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The Old and the Deposed

Kanishk Prasad

By C.S.H. Jhabvala
Lustre Press-Roli Books, New Delhi, 2008, pp. 108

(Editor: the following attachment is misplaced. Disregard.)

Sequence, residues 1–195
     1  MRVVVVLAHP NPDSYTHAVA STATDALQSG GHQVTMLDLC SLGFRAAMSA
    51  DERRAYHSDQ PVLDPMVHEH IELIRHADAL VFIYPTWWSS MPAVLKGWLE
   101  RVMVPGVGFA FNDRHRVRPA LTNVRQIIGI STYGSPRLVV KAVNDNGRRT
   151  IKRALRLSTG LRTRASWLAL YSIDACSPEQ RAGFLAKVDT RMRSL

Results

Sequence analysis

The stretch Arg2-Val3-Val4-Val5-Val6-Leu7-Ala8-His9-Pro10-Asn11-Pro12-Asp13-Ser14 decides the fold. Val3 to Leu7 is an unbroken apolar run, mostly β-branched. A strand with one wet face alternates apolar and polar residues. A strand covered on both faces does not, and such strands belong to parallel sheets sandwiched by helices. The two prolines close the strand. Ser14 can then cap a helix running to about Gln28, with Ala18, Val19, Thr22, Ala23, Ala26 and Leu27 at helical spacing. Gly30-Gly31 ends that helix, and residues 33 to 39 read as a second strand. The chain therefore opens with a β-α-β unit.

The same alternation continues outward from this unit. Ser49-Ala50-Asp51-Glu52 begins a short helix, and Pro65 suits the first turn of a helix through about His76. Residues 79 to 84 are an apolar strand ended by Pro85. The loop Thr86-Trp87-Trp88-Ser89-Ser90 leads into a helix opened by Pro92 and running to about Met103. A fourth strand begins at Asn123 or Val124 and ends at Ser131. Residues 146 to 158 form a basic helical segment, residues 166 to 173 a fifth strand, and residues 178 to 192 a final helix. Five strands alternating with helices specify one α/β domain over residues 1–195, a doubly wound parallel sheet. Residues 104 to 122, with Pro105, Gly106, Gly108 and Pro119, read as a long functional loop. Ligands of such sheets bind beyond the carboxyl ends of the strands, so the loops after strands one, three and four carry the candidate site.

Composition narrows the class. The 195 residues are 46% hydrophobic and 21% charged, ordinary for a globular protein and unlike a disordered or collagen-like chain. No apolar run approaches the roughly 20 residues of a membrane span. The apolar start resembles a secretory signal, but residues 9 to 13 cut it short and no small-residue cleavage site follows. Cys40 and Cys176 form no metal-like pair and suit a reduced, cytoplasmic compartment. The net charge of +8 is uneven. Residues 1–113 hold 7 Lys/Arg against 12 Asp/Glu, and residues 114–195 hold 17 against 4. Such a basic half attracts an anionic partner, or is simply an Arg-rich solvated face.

Before and after Independence, India was engaged in a process of discovering itself and re-fashioning an identity for itself. A land replete with rich culture, a long history of cultural development and global engagement, ample natural resources, diverse topographical and climatic regions and inhabi-ted by a set of hugely industrious people through the National Movement and the ideology of the then Indian National Congress to bring these disparate groups of people and ideas closer together. Those at the helm of the movement at the time including Gandhi and Nehru travelled extensively in India observing both its weaknesses and its abundant opportunities. This confluence of ideas, cultures and people placed within the theoretical frame-work of a modern nation state (India officially became a Republic on 26 January 1950) was the vision that India seemed to want to see for itself moving into the second half of the 20th century. The principle of federalism which became its political embodiment with the states becoming agencies of governance at a local level threaded into a conglomeration defined by the Union. More interestingly it created a fascinating duality where the states, their peoples and cultures came to represent the contexts, historical, geographical and topographical, that they came from. While the Union encouraged the evolution of a gene-ration of art practitioners, creative thinkers and cultural institutions who, as a result of their education and professional exposure, critically examined and reflected upon bringing closer this diverse set of social formations. These practitioners in the field of art, music, dance, theatre and architecture began to constructively engage with vernacular traditions around them. They employed rationalist Modernist approaches to document and analyse cultures at play. These engage-ments generated conflict and creative tensions in some cases and instances of gentle consideration and development in others. But the nature of the outcome notwithstanding, they almost always became sites for critiques at the most fundamental level of both the traditional wisdom as well as the Modernist learning, leading to bold reinventions in terms of style and form. The idea that a creative practitioner in India always exists in this dynamic, split between the abundant living heritage of tradi-tional systems and the theoretical underpinnings of one's profession became central to the movement of the evolving arts and architecture in new India. C.S.H. Jhabvala to me is without doubt one such practitioner. Having completed his studies in Mumbai (then Bombay) and London he returned ...

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